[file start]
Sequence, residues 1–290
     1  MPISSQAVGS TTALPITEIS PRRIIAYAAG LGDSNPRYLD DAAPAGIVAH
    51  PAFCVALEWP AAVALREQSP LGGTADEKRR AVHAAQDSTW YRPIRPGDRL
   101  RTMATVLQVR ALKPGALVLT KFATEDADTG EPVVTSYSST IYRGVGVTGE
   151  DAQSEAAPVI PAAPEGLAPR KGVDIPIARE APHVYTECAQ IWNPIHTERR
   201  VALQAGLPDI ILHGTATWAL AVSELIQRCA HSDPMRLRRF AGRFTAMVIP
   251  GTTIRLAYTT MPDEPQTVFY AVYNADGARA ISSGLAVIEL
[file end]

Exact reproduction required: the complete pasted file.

Sequence, residues 1–290
     1  MPISSQAVGS TTALPITEIS PRRIIAYAAG LGDSNPRYLD DAAPAGIVAH
    51  PAFCVALEWP AAVALREQSP LGGTADEKRR AVHAAQDSTW YRPIRPGDRL
   101  RTMATVLQVR ALKPGALVLT KFATEDADTG EPVVTSYSST IYRGVGVTGE
   151  DAQSEAAPVI PAAPEGLAPR KGVDIPIARE APHVYTECAQ IWNPIHTERR
   201  VALQAGLPDI ILHGTATWAL AVSELIQRCA HSDPMRLRRF AGRFTAMVIP
   251  GTTIRLAYTT MPDEPQTVFY AVYNADGARA ISSGLAVIEL